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Your Belief System and Your Church (22): KCAASE and Proverbs 24

In a previous section, Teachers’ Three Phases, we considered three sequential stages teachers must progress through to be successful. In a parallel manner, there are six stages learners must progress through to acquire skills successfully and transition into highest levels of learning. An acronym for the six stages is KCAASE (pronounced “case”). The six stages are Knowledge, Comprehension, Application, Analysis, Synthesis, and Evaluation. The first three are Discrimination levels of learning and the second three are Inferential levels of learning. This information is from Benjamin Bloom’s Taxonomy of the Cognitive (Bloom, 1986).

SIX COGNITIVE STAGES. For clarity of meaning, cognitive learning is defined as enabling people to learn by using their reason, intuition, and perception. The major levels of cognitive learning can be classified as memorizing, understanding, and applying. As the six stages are explained, you will notice they follow these three progressive levels. (By the way, did you notice the “ing” words that indicate active participation?)

(1) Knowledge is remembering previously learned material and simple recalling. Key words are When, Where, What, Who, along with Name, Define, Identify, State, Match, Recall, and List in no specific order. An example of a Knowledge question is, “What is the capitol of Pennsylvania?” A self-question is, “I can recall specific details, information, and ideas from this text. What do I need to remember to make sense of this text?

(2) Comprehension is grasping the meaning. Key words are Describe, Organize, Arrange, Rephrase, Compare, Contrast, Interpret, Translate, along with Discuss, Paraphrase, Distinguish, Classify, Explain, Summarize, Convert, and List in a specific order. An example of a Comprehension question is, “In priority order, what are the three main ideas this chart presents?” A self-question is, “I can understand what the author is telling me. What does this author want me to understand?”

(3) Application is applying a rule or a singular process, and using information in concrete situations. Key words are Demonstrate, Compute, Solve, Operate, Apply, along with Choose, Classify, Interpret, Calculate, Relate, Demonstrate, Give an example, and Use. An example of an Application question is, “If x = 2 and y = 5, then x2 + 2y = ?” A self-question is, “I can use my understanding in some meaningful way. How can I connect what this author is telling me to understanding something better?”

(4) Analysis is breaking down into parts, by using in-depth and critical thinking. Key words are Identify motives, causes, or reasons for a specific occurrence; Draw conclusions; Make generalizations; Find evidence to support or refute a conclusion or generalization; along with Separate, Recognize, Test, Differentiate, Diagram, Estimate, Separate, Infer, Subdivide, and Why. An example of an Analysis question is, “Why was the land of Israel selected as a site for the Jewish nation?” A self-question is, “I can take my understanding to a deeper level. How is this similar to (or different from) other material I’ve read?”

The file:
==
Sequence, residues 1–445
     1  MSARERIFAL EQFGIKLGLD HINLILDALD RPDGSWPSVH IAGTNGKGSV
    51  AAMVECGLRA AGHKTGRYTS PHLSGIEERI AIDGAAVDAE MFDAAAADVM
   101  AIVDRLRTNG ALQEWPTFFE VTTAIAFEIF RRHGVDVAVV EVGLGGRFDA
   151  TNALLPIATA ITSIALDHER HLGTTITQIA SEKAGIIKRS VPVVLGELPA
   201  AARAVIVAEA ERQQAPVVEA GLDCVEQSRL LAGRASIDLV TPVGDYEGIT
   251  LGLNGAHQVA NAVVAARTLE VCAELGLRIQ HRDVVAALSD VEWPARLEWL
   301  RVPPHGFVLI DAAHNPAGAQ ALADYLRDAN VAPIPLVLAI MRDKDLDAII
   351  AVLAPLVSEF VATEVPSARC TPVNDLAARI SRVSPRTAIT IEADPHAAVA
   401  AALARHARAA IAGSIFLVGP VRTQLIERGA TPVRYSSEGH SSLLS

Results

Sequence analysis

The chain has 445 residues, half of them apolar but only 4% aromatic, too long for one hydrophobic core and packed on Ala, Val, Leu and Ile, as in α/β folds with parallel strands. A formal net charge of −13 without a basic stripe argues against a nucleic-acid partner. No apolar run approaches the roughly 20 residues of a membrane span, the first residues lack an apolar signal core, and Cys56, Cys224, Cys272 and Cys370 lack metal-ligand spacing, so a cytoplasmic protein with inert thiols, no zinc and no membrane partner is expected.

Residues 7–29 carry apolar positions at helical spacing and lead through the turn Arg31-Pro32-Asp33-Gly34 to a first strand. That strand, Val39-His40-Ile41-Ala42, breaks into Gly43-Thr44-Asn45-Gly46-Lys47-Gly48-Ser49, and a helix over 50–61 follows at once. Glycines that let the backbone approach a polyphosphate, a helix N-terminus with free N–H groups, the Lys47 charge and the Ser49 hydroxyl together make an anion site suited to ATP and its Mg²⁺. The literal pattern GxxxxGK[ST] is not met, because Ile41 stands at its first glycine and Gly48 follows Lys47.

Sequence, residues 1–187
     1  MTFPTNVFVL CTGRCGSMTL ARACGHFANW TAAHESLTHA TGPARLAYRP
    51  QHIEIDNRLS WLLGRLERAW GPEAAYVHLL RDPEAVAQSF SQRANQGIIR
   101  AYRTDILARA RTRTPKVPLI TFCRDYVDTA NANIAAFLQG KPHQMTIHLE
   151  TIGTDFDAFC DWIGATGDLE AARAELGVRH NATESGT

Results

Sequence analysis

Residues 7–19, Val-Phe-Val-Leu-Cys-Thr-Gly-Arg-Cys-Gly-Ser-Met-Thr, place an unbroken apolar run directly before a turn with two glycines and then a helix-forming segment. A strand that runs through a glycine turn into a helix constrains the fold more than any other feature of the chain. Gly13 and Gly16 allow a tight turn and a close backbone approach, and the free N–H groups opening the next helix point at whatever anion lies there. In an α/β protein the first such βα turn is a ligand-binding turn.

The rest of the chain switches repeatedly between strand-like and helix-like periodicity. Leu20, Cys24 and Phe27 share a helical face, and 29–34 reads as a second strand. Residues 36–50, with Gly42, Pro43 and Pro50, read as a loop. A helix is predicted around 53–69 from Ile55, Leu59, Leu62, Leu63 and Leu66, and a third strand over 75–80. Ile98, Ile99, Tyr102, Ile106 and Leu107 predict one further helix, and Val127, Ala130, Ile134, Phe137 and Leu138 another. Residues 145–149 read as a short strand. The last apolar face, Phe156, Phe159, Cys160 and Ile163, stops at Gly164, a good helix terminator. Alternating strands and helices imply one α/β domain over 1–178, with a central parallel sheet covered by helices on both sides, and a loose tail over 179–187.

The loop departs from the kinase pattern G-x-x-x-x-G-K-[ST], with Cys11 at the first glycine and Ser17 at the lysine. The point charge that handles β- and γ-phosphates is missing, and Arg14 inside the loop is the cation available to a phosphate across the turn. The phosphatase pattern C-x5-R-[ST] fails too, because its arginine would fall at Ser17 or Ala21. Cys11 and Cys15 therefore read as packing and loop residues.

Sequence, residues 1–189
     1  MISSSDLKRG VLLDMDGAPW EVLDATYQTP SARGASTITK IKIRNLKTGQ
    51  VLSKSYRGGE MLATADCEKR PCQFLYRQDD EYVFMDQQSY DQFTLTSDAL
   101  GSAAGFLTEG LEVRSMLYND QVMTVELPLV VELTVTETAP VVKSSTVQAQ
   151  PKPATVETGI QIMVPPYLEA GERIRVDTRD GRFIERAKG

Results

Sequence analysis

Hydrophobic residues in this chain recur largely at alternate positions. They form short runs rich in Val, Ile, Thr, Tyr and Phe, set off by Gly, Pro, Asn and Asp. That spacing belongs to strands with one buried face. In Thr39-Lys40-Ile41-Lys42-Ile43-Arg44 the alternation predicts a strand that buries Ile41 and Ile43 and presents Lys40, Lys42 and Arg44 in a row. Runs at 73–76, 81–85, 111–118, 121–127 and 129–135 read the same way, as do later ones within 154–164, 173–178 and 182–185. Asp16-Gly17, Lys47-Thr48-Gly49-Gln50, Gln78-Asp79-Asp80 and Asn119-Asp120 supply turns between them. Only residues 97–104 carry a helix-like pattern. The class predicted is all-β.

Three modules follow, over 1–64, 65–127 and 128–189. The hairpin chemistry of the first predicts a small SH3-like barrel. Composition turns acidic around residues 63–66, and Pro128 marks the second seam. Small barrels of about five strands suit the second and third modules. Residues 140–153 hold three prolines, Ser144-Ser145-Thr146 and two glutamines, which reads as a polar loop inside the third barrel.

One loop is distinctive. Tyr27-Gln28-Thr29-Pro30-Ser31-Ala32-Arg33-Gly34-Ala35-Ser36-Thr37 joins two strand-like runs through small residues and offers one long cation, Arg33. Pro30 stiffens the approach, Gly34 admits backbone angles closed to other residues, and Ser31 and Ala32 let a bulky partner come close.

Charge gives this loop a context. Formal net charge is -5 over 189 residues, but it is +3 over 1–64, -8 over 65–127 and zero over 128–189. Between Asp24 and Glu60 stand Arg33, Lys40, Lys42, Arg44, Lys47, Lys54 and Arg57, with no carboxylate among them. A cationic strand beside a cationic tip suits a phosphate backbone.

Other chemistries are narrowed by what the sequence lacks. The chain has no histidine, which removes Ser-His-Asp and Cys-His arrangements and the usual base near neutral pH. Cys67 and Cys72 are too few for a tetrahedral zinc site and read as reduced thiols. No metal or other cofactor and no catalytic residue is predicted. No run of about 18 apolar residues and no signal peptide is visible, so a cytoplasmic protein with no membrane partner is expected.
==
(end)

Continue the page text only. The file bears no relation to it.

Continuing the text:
(5) Synthesis is putting parts into wholes. This level has the greatest possible number of answers. Key words are Order, Develop, Summarize, Combine, Create, Formulate, Construct, Rearrange, Predict, Produce, Design, and Synthesize. Examples of Synthesis questions are, “How would life be different without courts?” “Write a letter to the editor about a social issue of concern to you.” “How would school be different if attendance was not mandatory?” A self-question is, “I can critically examine this author’s message. How has the author’s perspective influenced what (s)he tells me?”

(6) Evaluation is formulating judgments, judging the merit or solution, or offering an opinion in terms of a solution. Key words are Critique, Appraise, Argue, Judge, Justify, Support, Evaluate, and Assess. Examples of Evaluation questions are, “Develop an argument for more or less drilling.” “Should young children be allowed to read any book they want?” A self-question is, “I have created new knowledge. How has this author changed what I understand?”

DISCRIMINATION VS. INFERENTIAL. Bloom identified the first three cognitive levels as lower learning events known as Discrimination learning. The second three levels are higher learning events known as Inferential learning. Discrimination learning is very basic and refers to learning by rote or imitation. Discrimination is very important since it provides the framework for all other learning. But learning should never stop with discrimination because it is knowing facts with some understanding, and no higher order application. Inferential learning is the transfer of discrimination learning to a new situation, the identification of something new based on what has been previously learned, or the transfer and reorganization of that which is known to create something new. All learning begins with discrimination, but inference learning should be the ultimate goal.